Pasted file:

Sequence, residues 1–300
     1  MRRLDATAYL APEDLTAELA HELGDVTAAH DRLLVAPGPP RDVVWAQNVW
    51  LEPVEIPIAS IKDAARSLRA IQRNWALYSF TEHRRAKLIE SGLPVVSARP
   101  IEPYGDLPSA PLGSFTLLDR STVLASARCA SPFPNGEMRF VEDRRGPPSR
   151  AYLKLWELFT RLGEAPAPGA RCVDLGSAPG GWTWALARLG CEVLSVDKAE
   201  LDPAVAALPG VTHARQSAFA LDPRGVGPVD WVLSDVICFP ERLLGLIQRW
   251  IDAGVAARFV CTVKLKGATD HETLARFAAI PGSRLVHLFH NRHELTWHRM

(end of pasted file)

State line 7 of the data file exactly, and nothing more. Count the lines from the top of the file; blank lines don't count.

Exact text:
   251  IDAGVAARFV CTVKLKGATD HETLARFAAI PGSRLVHLFH NRHELTWHRM